It is obvious what I need to do to bring the DELL C6100 up to spec, I have to swap out the slow quad core processors for faster hex core processors.  The added power consumption for carrying out this upgrade is only 15W per processor, or 120W overall.  However, as I only have an 1100W psu fitted, I have purchased a beefier 1400W psu just to be on the safe side.  I will swap out 2 sets of processors this month and then check how the system runs.  If it all runs as expected I will swap out the other 2 pairs of processors next month.

I love this stuff – it’s now getting really interesting to see what the real cost of computing power turns out to be.

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I am very interested in running computer-intensive programs that really hammer the system looking for things like new large Prime Numbers.

It is ridiculous the computer power you can now buy very cheaply from E-Bay for a few hundred pounds that cost tens of thousands of pounds new.  Not complaining, I’ll just set myself up with some heavyweight computer gear at bargain basement prices.

In December 2016 I bought a DELL PowerEdge T610 server with 48G of RAM and a couple of lightweight processors for around £300.  Another £150 got me a pair of heavyweight processors –  Xeon hex-core 3GHz beasts, which has now provided me with some very impressive computing power.  A massive bonus is that the T610 actually runs quieter than my desktop PCs – remarkable!!  So for a few hours per day I run the BOINC PrimeGrid software searching for new Prime Numbers.  The only downside of running these systems is that when being pushed by some heavy number crunching the T610 draws 333W so I can’t leave it running day and night.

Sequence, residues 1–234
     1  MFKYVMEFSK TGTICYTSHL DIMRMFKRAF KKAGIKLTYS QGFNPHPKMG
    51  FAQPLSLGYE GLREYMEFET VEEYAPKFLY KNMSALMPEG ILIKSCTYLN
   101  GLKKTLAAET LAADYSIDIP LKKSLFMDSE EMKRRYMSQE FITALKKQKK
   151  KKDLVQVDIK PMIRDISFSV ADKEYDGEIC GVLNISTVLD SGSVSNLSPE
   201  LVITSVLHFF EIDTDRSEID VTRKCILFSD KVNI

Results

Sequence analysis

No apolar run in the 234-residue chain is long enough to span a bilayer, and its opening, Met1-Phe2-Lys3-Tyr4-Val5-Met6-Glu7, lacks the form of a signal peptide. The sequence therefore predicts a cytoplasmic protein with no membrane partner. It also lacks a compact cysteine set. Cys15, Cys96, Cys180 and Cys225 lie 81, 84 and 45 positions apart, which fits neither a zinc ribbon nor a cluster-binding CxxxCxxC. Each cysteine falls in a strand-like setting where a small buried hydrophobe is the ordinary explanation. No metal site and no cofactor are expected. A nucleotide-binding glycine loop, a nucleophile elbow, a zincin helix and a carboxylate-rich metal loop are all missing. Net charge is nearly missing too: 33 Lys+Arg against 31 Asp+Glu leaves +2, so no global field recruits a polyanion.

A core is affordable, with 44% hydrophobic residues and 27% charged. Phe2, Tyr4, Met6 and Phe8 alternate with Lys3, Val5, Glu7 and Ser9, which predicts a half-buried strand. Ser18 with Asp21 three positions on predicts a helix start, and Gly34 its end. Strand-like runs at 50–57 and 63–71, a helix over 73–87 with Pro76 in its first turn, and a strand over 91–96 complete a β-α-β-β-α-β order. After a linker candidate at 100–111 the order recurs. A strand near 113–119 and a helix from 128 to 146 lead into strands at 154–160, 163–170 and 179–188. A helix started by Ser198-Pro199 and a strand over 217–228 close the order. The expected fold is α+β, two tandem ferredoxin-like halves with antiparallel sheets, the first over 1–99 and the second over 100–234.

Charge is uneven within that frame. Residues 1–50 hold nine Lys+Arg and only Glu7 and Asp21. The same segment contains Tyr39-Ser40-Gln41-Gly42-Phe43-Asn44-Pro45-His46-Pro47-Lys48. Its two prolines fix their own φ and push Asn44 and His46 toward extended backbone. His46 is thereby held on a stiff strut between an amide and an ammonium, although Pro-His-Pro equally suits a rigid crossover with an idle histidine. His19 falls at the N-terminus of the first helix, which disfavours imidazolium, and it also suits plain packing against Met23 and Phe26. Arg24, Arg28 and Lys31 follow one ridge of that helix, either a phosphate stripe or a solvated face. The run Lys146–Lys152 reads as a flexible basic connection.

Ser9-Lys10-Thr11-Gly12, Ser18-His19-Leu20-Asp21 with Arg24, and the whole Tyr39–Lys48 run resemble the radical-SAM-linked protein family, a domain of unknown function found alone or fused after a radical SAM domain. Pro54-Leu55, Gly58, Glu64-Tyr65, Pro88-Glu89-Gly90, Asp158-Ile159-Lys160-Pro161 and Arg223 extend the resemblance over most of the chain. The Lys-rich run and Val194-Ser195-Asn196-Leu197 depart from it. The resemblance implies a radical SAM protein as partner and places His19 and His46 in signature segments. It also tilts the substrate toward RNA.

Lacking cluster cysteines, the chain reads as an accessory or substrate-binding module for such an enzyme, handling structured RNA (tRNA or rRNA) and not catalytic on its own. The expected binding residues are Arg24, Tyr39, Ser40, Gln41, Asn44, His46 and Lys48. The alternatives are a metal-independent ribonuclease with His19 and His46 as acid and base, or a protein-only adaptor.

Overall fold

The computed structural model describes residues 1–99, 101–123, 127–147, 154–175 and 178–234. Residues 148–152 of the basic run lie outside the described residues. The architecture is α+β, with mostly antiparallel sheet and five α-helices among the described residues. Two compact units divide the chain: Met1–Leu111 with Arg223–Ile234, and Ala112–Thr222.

I bought the T610 as my son had done the same thing a few months earlier and it seemed an ideal route to get into some serious number crunching with a decent computer system – on the cheap.  I hadn’t considered going down the server route before he showed me what was available on E-Bay.  So a few days ago I thought I would take another look at what E-Bay has to offer.

It didn’t take long for me to find an amazing offer – a quad-node DELL C6100 for £310!!  Basically this is 4 complete computers in one unit with 12 x 3.5″ hard drive bays on the front to take 3 HDDs per computer.  Like the DELL T610, these C6100 computers are twin Xeon CPU beasts that will take 5500 or 5600 series Xeon CPUs.  My system came with bottom of the range 2.1GHz quad-core CPUs – and I will get the whole system up and running with those processors before slowly upgrading each node to 2.93GHz hex-core Xeons.

I have 4 x 1Tb HDDs in the caddies, one for each node, and so far I have fired up one node with Win 10 to check it works o.k.  It runs as expected (slowly with only a 2.1GHz processor) but that’s fine – so long as it works!  I have the Prime Number search program running on this one node so I know it can handle some heavy abuse (the processors are running at 100%, but the temperatures are only around 60C, which is fine).  Over the next few days I will set up the other 3 nodes and check the Prime Number program runs as expected on all the nodes.

This DELL C6100 came with an 1100W PSU which can clearly handle the system as supplied.  However, if I swap out all 8 CPUs for 3GHz hex-core Xeons, then I will add around 15W per processor to the system, or around 120W.  In preparation that this might be pushing the 1100W PSU a little too hard, I went back to E-bay and found a 1400W PSU for £40 – so I am (I hope) prepared for the upgrade when I eventually take the plunge.

All sounds too good to be true?  Well yes there is one negative.  Unlike the almost silent DELL T610, this DELL C6100 is a REAL server, and it sounds like a jet taking off when it’s fired up.  It is way too loud for me to be able to work in the study if it is running – but I can use it during the early hours with the door shut, no problem.

For me this is like living science fiction.  I had no idea you could get your hands on such immense computer power (for a home user) so easily and so cheaply.  The only downside is the equally immense electricity bill if you don’t carefully monitor your use of the systems.

Keep watching this site as I will (unlike T May) give a running commentary on how I get on putting this amazing computing MegaNode together at the New Forest Observatory.